In Lady in Gold, the Extraordinary Tale of the Klimt paintings, journalist Anne-Marie O’Connor tells the extraordinary story of The Portrait of Adele Bloch-Bauer I which would sell for $135 million to an American in 2007.  O’Connor first describes the relationship between Klimt, his Jewish art patrons, and the cultural environment in pre-Nazi Austria. From the point of view of the Bloch-Bauer family is told of the collaboration between Austria and the German Nazis to loot Jewish art collections.  The book concludes with the legal struggles of American attorney Randy Schoenberg to navigate the U. S. legal system to help Maria Altmann and the other surviving members of the Bloch-Bauer family to recover four stolen Klimt paintings.  It’s a story of how a legitimate government corrupted legislation to steal from and murder its own citizens.

Within a decade, the Nazis succeeded in destroying the Jewish community Austrian-Hungarian Emperor Franz Josef (ruled from 1848-1916) created in Vienna by providing citizenship rights to European Jews in the 19th century – offering them a sanctuary from discrimination and persecution that stretched to the hinterlands of Russia.  The Jewish population in Vienna rapidly increased from 6,000 to more than 200,000 in less than 40 years, creating dissention in the anti-Semitic mostly Roman Catholic population.  Vienna, against the wishes of Franz Joseph, elected an anti-Semitic mayor for two decades who served in effect as a political mentor for Hitler.  After the Second World War, less Jews lived in Austria than had a century ago and they had no intention of returning to a country that treated them less favorably than its population of horses.

Against the backdrop of the murder of 6 million Jews, restitution of stolen art may seem unimportant, especially as newspapers today sport headlines of Jewish families recovering then selling artworks for millions of dollars.  Why is it so important that these paintings are returned to the families now? Weren’t these issues of restitution settled decades ago when Allied forces discovered stolen art in the salt mines of Germany after the war? And why does the American legal system have to get involved in these cases almost seven decades after armistice? Isn’t this a matter for the government of Austria to decide? Lady in Gold answers these questions.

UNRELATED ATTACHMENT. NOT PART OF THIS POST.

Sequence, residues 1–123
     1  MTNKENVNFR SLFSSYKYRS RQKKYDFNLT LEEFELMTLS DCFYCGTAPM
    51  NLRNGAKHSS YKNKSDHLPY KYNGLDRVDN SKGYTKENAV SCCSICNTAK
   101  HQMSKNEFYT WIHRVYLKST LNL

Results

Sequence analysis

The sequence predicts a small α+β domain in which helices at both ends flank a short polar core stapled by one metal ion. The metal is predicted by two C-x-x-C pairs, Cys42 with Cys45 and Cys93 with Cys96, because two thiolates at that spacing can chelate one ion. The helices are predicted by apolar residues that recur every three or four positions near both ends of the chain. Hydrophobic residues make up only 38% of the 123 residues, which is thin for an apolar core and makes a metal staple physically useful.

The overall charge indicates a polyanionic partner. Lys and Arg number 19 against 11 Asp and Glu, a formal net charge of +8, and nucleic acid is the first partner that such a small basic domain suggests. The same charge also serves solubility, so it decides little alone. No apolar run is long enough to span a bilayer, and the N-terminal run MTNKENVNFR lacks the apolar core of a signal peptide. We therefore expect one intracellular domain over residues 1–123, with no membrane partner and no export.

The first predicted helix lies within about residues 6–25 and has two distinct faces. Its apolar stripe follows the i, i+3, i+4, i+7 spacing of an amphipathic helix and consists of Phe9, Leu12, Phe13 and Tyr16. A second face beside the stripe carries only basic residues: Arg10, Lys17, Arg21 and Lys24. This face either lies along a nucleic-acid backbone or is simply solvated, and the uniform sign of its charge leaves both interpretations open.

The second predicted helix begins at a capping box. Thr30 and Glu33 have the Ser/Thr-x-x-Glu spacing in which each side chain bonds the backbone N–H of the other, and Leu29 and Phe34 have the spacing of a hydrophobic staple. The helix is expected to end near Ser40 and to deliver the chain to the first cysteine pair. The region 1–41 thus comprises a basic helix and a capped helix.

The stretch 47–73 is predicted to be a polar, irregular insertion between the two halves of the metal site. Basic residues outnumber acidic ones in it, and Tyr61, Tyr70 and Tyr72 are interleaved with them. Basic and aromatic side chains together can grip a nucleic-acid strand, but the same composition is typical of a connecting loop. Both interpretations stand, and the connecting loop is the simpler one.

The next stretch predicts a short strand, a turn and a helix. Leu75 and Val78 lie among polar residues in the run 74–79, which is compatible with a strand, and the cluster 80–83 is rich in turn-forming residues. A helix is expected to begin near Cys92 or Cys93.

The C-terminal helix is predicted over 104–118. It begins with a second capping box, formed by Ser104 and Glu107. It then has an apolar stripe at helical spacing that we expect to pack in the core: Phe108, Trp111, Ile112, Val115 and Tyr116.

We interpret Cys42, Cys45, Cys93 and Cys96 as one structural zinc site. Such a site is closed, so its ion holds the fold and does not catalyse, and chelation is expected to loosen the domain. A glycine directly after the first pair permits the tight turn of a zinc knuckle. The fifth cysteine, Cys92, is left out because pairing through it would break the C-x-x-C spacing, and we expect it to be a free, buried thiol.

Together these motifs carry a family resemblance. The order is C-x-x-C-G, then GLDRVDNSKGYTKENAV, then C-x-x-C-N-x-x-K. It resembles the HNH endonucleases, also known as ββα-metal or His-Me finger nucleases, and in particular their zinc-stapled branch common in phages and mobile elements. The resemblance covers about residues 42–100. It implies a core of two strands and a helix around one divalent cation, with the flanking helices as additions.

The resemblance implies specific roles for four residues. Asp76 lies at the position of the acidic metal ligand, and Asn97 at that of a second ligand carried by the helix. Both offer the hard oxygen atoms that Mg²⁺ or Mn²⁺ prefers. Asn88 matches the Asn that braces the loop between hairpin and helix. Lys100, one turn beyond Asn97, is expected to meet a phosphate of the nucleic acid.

Vienna at the turn of the 20th century was hedonistic.  In 1889, the Crown Prince shot his teenage mistress then himself in 1889.  The Emperor’s mistress was a stage actress.  In 1897, American writer Mark Twain publicly lectured about the virulent anti-Semitism palpable in the Vienna, the city rebuilding itself after successfully defeating Ottoman invaders a half century earlier.  The old fortress walls came down and the Ringstrasse, a series of boulevards encircling the center of Vienna arose, providing an opportunity for Vienna’s nuveau riche, many of them Jewish, to celebrate their financial and industrial wealth with monumental mansions and beautiful decorative arts.  Even statues fronting public buildings glisten with gold.

Part Two continues tomorrow.

March 8, 2012

Lecture: Former LA Times Reporter Anne-Marie O'Connor Discussed Maria Altmann's Tale of Recovering Five Klimt Paintings from Austria at the Skirball Center in Los Angeles

by Catherine Schofield Sezgin, ARCA Blog editor

Los Angeles - Tuesday night, across from the 405 Freeway where Bill Cosby's son Ennis was murdered while changing a tire in 1997, dozens of people were refused admittance to the lecture hall at the Skirball Center where Washington Post Correspondent Anne-Marie O'Connor was set to discuss her book, The Lady in Gold: The Extraordinary Tale of Gustav Klimt's Masterpiece (Knopf, 2012).

The Skirball Cultural Center, located just north of the Getty Center in Brentwood, is a difficult to reach institution so when people who had stood in line with reservations were refused admittance, you could hear stringent complaints to Zócalo Public Square that overbooked the free event.  Some people bought the hardcover copy of the book from the representative from Book Soup, who was redacting words on recycled paper to write poetry, and others left for dinner.  It's not easy to drive in evening traffic through either San Fernando Valley or Los Angeles on $5/gallon gas to be turned away from a must-see event.

I am telling you all of this so that you can understand the overwhelming interest in this fascinating book that Ms. O'Connor diligently worked on for years and quickly direct you to more efficient coverage of the material.  This is the story of life in Vienna before and during World War II; the beautiful Adele Bloch-Bauer, the subject of the painting; and the artist, Gustav Klimt, who grew up in poverty because his father couldn't make enough money engraving in gold.  O'Connor writes of the theft of the painting from the Jewish family that owned it, how the anti-Semetic government hid the identity of the portrait sitter, and Randy Schoenberg's stubborn fight for Adele's niece, Maria Altmann, to regain ownership of her family's paintings more than 50 years after the Nazis had stolen them.

Zócalo Public Square has posted a review of the lecture, photos and a video of the event here
KPCC's recent interview with the author is here; and you can read a book review in the Christian Science Monitor about this "epic" story.